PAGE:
Obviously the state of the mat also goes some way toward the realism factor. I've hit off what feels like felt on concrete, I've hit off reasonably padded mats where the club can be pressed down into the mat a certain amount and I've hit off a mat that felt like firm grass, 'gave' like firm grass and even used regular tees into it. Hell it even had random "grain" patterns where it was trodden down in areas.

 

I thing mats do have a place in golf but only when used correctly. They give a false sense of hitting the ball solid if you assume that grass and mats are the same and spend every day hitting off them.



 

post #33 of 40

Personally I find that range practice off a mat is better than no practice. It allows all of my other muscles to continue remembering how to swing a club reasonably well and I'd rather have some type of feeling when I'm on course rather than none. a1_smile.gif

post #34 of 40


Thank you for the reassurance haha

Quote:
Originally Posted by MiniBlueDragon View Post

Personally I find that range practice off a mat is better than no practice. It allows all of my other muscles to continue remembering how to swing a club reasonably well and I'd rather have some type of feeling when I'm on course rather than none. a1_smile.gif



 

post #35 of 40
Quote:
Originally Posted by HeadGolfool View Post

Lee Travino says hitting off mats is the worst thing you can do for your golf swing, it gives a false sense that yoy are hitting the ball solid.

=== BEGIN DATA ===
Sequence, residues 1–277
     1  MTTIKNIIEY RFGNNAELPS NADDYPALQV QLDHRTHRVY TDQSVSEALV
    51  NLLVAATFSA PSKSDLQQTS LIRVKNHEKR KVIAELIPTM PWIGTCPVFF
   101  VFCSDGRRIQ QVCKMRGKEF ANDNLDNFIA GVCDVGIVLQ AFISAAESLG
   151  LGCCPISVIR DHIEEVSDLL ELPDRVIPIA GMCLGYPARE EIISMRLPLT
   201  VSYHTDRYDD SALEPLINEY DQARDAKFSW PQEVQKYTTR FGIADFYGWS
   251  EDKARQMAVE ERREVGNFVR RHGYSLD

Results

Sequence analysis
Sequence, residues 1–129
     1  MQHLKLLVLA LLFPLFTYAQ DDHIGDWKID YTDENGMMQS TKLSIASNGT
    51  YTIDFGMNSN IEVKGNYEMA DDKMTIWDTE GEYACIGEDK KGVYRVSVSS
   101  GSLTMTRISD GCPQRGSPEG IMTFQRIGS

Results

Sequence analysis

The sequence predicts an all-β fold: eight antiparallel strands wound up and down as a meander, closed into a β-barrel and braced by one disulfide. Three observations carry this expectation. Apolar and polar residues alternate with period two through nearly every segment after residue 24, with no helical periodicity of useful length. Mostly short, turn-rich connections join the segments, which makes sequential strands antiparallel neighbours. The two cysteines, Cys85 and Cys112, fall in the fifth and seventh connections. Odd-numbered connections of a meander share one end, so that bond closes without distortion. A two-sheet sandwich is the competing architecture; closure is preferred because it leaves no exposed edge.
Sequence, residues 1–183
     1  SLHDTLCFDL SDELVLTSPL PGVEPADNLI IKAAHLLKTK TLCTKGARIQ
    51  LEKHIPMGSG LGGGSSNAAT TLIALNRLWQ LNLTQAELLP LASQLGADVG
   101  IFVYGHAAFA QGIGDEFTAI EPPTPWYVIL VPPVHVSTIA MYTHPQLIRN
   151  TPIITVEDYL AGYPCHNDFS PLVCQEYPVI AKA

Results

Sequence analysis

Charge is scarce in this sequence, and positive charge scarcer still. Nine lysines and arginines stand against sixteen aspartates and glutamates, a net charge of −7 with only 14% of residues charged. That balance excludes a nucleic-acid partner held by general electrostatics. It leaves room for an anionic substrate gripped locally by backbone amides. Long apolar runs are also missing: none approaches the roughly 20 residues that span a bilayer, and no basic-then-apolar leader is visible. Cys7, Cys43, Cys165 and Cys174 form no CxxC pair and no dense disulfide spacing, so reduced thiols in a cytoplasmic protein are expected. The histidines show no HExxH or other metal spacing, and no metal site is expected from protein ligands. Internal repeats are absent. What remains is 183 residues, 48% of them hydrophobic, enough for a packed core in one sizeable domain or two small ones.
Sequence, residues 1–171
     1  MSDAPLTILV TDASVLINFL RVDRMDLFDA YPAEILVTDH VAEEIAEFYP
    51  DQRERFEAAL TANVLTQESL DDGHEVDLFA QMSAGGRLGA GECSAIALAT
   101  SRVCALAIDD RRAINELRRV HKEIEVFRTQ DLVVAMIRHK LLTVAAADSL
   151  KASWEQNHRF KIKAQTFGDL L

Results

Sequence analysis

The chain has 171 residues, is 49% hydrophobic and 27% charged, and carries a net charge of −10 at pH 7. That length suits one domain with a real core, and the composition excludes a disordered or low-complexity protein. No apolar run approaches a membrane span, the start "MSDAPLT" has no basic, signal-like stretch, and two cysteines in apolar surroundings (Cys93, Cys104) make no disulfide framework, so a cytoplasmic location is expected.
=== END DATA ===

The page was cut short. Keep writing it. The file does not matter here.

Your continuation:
If that were the case, we'd never have heard of Seve Ballesteros, José María Olazábal and Sergio García.

 

post #36 of 40
Quote:
Originally Posted by HeadGolfool View Post

Lee Travino says hitting off mats is the worst thing you can do for your golf swing, it gives a false sense that yoy are hitting the ball solid.  I think there is some value to practicing at home with a camera or mirriors where you can work on club positions at different spots of your swing.  I see so many golfers take lessons from one teacher after another and never commit the time that it takes to make a swing change or thay buy the latest and greatest new club looking for that magic pill.

 

Every golfer I have helped ou,t has made the biggest improvement in their scores by learning to manage their round.  In other words, how to get the ball in the hole with the least amount of strokes.  I didn't say it consisted of hitting the ball a mile, in fact it may not be pretty and glomorous like the equipment companies are promoting, but they are shooting scores they never thought possible.  Trouble is most golfers egos won't let them play to score vs. trying to hit the ball far.  To bad because golf can be a lot easier than most golfers are experiencing.



Who's Lee Travino?